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Enhanced salt stress tolerance of rice plants expressing a vacuolar H(+)-ATPase subunit c1 (SaVHAc1) gene from the halophyte grass Spartina alterniflora Lo¨ isel.

Author:
Baisakh, Niranjan, RamanaRao, Mangu V., Rajasekaran, Kanniah, Subudhi, Prasanta, Janda, Jaroslav, Galbraith, David, Vanier, Cheryl, Pereira, Andy
Source:
Plant biotechnology journal 2012 v.10 pp. 453
ISSN:
1467-7644
Subject:
H-transporting ATPase, Oryza sativa, Spartina alterniflora, abscisic acid, adenosinetriphosphatase, cations, cell walls, chlorophyll, crop yield, cytosol, gene expression, genes, grasses, halophytes, ion transport, leaves, messenger RNA, photosynthesis, physiological response, potassium, rice, root growth, salt stress, salt tolerance, signal transduction, sodium, stomata, stomatal movement, stress tolerance, transgenic plants, water content
Abstract:
The physiological role of a vacuolar ATPase subunit c1 (SaVHAc1) from a halophyte grass Spartina alterniflora was studied through its expression in rice. The SaVHAc1-expressing plants showed enhanced tolerance to salt stress than the wild-type plants, mainly through adjustments in early stage and preparatory physiological responses. In addition to the increased accumulation of its own transcript, SaVHAc1 expression led to increased accumulation of messages of other native genes in rice, especially those involved in cation transport and ABA signalling. The SaVHAc1-expressing plants maintained higher relative water content under salt stress through early stage closure of the leaf stoma and reduced stomata density. The increased K(+) ⁄ Na(+) ratio and other cations established an ion homoeostasis in SaVHAc1- expressing plants to protect the cytosol from toxic Na+ and thereby maintained higher chlorophyll retention than the WT plants under salt stress. Besides, the role of SaVHAc1 in cell wall expansion and maintenance of net photosynthesis was implicated by comparatively higher root and leaf growth and yield of rice expressing SaVHAc1 over WT under salt stress. The study indicated that the genes contributing toward natural variation in grass halophytes could be effectively manipulated for improving salt tolerance of field crops within related taxa.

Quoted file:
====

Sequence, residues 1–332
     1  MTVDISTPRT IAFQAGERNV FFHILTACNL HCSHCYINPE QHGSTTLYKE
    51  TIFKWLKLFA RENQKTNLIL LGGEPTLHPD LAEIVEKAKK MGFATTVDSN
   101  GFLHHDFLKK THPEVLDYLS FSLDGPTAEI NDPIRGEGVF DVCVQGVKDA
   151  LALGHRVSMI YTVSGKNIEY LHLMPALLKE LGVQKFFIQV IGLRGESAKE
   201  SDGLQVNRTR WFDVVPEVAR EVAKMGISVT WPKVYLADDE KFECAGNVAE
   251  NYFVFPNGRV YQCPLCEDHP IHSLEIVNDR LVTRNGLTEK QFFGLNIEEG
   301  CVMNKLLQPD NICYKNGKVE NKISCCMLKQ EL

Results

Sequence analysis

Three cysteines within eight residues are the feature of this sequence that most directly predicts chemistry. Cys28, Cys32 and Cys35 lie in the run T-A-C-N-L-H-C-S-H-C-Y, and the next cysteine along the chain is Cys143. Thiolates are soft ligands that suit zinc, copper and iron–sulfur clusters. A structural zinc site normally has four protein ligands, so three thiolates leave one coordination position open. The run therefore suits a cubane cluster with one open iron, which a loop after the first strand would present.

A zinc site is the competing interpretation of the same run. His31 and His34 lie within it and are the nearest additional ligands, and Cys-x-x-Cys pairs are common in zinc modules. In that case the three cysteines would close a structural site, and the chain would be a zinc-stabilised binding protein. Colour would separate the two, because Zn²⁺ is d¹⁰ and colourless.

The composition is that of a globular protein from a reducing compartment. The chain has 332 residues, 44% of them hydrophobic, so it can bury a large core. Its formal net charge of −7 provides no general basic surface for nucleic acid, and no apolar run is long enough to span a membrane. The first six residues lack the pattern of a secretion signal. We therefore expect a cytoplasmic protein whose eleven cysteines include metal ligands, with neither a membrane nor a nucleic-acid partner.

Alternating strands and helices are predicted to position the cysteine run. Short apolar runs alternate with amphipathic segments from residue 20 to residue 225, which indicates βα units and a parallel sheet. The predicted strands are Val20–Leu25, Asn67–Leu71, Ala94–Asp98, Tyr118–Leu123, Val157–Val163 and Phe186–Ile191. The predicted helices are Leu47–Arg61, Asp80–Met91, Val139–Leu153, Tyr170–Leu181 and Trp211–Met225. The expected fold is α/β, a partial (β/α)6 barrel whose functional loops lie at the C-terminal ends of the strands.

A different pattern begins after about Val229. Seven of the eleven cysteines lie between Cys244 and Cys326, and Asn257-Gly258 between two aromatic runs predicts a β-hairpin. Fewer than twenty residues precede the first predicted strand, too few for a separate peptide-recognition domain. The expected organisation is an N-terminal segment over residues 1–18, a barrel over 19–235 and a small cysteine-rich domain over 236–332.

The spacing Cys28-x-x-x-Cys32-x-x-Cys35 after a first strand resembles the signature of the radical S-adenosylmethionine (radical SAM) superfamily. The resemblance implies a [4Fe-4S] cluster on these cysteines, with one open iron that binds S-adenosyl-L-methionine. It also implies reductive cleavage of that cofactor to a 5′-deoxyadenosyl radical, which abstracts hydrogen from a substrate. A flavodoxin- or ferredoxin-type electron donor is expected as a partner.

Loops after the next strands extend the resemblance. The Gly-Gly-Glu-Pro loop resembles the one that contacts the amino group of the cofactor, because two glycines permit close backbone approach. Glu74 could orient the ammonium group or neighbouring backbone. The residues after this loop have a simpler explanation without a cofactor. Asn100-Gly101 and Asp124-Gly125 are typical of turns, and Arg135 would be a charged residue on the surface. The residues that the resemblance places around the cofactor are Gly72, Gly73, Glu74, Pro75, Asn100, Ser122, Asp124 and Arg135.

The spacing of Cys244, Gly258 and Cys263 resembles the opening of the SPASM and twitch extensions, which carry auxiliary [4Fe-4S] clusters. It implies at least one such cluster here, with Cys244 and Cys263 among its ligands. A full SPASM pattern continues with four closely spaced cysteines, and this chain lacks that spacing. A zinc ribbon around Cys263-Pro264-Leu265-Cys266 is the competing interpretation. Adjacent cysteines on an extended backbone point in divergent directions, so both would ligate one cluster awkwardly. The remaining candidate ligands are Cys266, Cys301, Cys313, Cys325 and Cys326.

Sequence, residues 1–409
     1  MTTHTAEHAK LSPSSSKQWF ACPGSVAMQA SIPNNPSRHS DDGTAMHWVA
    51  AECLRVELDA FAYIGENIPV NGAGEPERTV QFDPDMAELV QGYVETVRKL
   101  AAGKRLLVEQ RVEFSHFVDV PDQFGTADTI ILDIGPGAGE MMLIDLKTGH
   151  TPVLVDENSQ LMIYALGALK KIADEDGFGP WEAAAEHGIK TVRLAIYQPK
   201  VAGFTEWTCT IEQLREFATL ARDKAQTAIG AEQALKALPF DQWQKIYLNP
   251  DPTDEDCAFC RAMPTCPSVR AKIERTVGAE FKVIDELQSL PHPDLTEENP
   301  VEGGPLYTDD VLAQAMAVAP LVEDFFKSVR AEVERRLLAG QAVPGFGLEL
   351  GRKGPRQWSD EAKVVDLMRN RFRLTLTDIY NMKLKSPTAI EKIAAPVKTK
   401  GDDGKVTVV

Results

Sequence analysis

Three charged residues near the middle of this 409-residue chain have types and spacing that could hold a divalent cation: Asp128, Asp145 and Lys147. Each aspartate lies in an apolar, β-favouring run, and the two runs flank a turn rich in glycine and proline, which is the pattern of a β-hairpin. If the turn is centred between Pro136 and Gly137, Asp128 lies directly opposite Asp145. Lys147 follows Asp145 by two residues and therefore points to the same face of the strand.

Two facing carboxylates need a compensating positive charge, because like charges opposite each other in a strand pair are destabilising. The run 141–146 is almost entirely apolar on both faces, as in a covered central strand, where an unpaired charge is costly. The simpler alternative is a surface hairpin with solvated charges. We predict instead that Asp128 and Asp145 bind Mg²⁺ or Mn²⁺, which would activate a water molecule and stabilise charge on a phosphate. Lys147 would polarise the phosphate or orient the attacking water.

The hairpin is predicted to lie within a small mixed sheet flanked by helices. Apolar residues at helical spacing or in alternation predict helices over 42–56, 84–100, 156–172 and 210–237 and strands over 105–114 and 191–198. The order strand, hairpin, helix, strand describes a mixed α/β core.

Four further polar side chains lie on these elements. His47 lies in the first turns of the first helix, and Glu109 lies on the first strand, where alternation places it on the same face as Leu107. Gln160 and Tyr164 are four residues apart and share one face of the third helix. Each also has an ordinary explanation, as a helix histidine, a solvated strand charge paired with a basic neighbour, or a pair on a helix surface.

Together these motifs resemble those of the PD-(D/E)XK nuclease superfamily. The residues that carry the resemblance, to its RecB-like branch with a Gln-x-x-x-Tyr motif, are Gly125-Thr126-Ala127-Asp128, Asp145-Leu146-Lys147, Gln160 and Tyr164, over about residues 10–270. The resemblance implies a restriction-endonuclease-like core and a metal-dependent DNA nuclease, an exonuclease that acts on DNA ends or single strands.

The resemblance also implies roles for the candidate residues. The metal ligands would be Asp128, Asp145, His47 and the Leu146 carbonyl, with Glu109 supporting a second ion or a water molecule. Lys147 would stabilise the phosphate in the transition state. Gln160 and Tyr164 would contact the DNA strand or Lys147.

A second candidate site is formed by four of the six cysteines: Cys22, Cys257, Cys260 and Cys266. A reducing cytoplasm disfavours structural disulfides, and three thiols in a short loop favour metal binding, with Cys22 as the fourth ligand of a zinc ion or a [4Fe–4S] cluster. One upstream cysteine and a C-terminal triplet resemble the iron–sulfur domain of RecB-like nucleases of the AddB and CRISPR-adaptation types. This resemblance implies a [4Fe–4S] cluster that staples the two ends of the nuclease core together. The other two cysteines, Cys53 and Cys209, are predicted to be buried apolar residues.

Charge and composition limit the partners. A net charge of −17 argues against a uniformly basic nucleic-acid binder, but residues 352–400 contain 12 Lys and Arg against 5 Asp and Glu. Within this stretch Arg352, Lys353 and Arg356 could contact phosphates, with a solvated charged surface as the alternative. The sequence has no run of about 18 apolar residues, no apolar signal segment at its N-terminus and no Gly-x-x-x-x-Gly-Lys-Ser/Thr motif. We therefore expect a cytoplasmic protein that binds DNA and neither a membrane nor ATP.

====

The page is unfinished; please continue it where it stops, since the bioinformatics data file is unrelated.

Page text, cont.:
Agid:
57612
Handle:
10113/57612